At Nottingham Contemporary 10 Oct 2015 - 31 Dec 2015

Don't Commit Suicide Just Because You Are Afraid Of Dying

Don't Commit Suicide Just Because You Are Afraid Of Dying

Don't Commit Suicide Just Because You Are Afraid Of Dying
Photographs by Paul Conneally

Thursday, October 08, 2015

The Agony And Ecstasy Of Collegiate Sumo Training In Japan - Charnwood Museum

Scene from the opening of "Asa Geiko" an exhibition by Francis Harrison

The Agony And Ecstasy Of Collegiate Sumo Training In Japan

Charnwood Arts presents a unique documentary photo series on the brutal, rarely glimpsed training of amateur sumo training at a major Tokyo university.

The exhibition, called "Asa Geiko" (Morning Practice), is the work of Francis Harrison, a photographer and long-time resident of Japan.

Shot in moody monochrome, the photographs recall photo essays by Eugene Smith and others during the heyday of Life Magazine.

Francis Harrison describes the project thus:

"I was attracted to traditional themes as a counterpoint to the soullessness and wholesale Westernisation so prevalent in modern Japan.

My early background in the martial arts naturally led me to an orthodox sumo club at an agricultural college near my home, where I was eventually allowed to shoot freely by the coach, a fiercely traditional man.

What struck me from the start was the aura of discipline and sacrifice that suffused the place. Long periods of stretching and limbering up would be interrupted by instants of total violence, none of it personal but totally committed nonetheless.

Over time, I was deeply moved by the dedication of these young men, most of whom would never make it to the Pros while punishing their bodies sometimes with lasting effect.

My promise to the coach was to give an accurate representation of genuine sumo to the outside world, where so often the sport is seen as "fat babies in diapers", and I only hope that I have kept my promise and done justice to these powerful athletes."

The exhibition is divided into three phases: "Preparation", "Combat" and "Contemplation" reflecting the various parts and moods of any given practice session. Through these stages one can catch glimpses of an older Japan where ancestral voices predominate...

Text: Charnwood Arts
Photo: Paul Conneally

Monday, October 05, 2015

Announcement of a Provisional Congress for the Psychogeographic Fragmentation of the London Agglomeration - Guy Debord 1956

Source: Oeuvres. Gallimard, Paris, 2006;
Translated: from the original for by Mitchell Abidor;
CopyLeftCreative Commons (Attribute & ShareAlike) 2008.

'Diversion End' Paul Conneally 2015

In the month of August we propose to bring together for a week a certain number of individuals called on to discuss the first concrete results of psychogeography; of that discipline’s place in the group of problems posed by the creation of a new culture, and the possibilities of its concrete application to the city of London. At the end of this week of discussions the group will enter into action in order to verify by experience some of the theoretical conclusions of the Congress. 

This action will inevitably take on multiple – and occasionally violent – aspects. Its usefulness will principally reside in the study of the effects, on a great modern urban center, of a series of rapid and sustained shocks calculated to introduce -during a period limited to one month – an element of uncertainty in the normal social and affective organization of the city.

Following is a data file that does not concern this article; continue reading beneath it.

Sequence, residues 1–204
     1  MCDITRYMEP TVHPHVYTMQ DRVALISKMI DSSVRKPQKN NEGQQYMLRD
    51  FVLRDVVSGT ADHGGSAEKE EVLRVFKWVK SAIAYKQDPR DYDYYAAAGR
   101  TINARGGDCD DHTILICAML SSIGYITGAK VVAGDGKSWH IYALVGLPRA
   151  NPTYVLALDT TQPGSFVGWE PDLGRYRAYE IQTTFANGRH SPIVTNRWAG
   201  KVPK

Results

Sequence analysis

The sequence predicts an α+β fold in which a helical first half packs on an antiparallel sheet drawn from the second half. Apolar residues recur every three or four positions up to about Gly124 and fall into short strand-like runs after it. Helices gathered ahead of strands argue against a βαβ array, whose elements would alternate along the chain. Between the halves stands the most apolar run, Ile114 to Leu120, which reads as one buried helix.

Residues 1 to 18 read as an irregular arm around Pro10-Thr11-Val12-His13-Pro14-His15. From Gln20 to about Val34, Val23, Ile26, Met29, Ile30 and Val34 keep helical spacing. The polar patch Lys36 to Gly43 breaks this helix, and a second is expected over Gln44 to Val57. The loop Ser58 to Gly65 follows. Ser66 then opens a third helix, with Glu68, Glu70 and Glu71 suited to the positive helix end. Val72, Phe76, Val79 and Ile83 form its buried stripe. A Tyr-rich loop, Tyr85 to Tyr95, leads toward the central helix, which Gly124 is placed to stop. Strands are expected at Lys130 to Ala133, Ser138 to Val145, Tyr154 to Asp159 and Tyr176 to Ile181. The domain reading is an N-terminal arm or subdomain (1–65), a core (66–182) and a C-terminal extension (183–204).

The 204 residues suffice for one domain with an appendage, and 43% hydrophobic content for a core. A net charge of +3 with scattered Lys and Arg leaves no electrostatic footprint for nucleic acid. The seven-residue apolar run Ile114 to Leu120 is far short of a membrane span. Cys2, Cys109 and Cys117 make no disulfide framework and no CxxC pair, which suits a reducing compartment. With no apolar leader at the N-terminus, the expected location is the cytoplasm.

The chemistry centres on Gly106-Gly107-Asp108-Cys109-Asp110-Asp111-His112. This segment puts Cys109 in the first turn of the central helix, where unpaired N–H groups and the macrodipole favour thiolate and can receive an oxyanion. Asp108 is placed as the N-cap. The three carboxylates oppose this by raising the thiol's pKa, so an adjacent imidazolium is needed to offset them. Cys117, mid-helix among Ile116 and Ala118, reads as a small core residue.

We recognize that an urban agglomeration the size of London represents nothing psychogeographically. It is important in the very beginning to divide it into several clearly defined zones. And then, within these juxtaposed zones, we must study the placement and limits of the different ambience units in order to utilize them in function of our plans, and to anticipate their emotional perfecting by means of an appropriate architecture and urbanism. 

We know that the inhabitants of London, like those of all the other cities of current society, suffer from nervous problems, which are the inevitable consequence of today’s urbanism and, more generally, of a profound mental misery, which is a product of our primitive society. 

We feel ourselves capable of participating, in the important sector of the modern sensibility, in the labor of change our times demand. It is with this goal in mind that we are undertaking the London experiment. It is a matter of offering everyone the chance of adopting a global solution to the problems of 1957. The solution offered will exercise a radical influence on activities of all kinds: plastic, psychological, musical, political, literary, social, journalistic, erotic, popular, military, philosophical, cinematographic, aristocratic, pedagogical, commercial, religious, culinary, architectural, etc. 

In fact, we hope to assemble in London experts in the revolution in every aspect of life in order to work together at the creation of transitory affective situations consciously constructed. 

It isn’t currently possible to foresee the results of such activity. We invite all those who want to participate in its invention to contact the organizing committee. 

Organizing Committee of the Provisional Congress for the Psychogeographic Fragmentation of the London Agglomeration. 

Guy Debord 1956

c/o I.C.A. 17-18 Dover St, Piccadilly, London, W1
Potlatch, 32, rue de la Montagne-Geneviève, Paris 5

Thursday, October 01, 2015

Connecting Cultures

A Year 5 pupil from Abbey Community Primary School hard at work during a Connecting Cultures session at Brahma Kumaris Spiritual University in Leicester. He is illustrating his tanka poem about his grandad, his hero:

my grandad lives in
Uganda but he has to
go to India
then travels to the UK
goes to London buys a house

Connecting Cultures is a project conceived and organised by photographer Kajal Nisha Patel bringing together two culturally different British community schools from urban Leicester and rural Harby to work on stories, poetry, illustration and bookmaking.

In this session over a hundred pupils worked with artist Paul Gent on illustration and poet Paul Conneally of Leicester City Council PCAS on tanka poems.

September 2015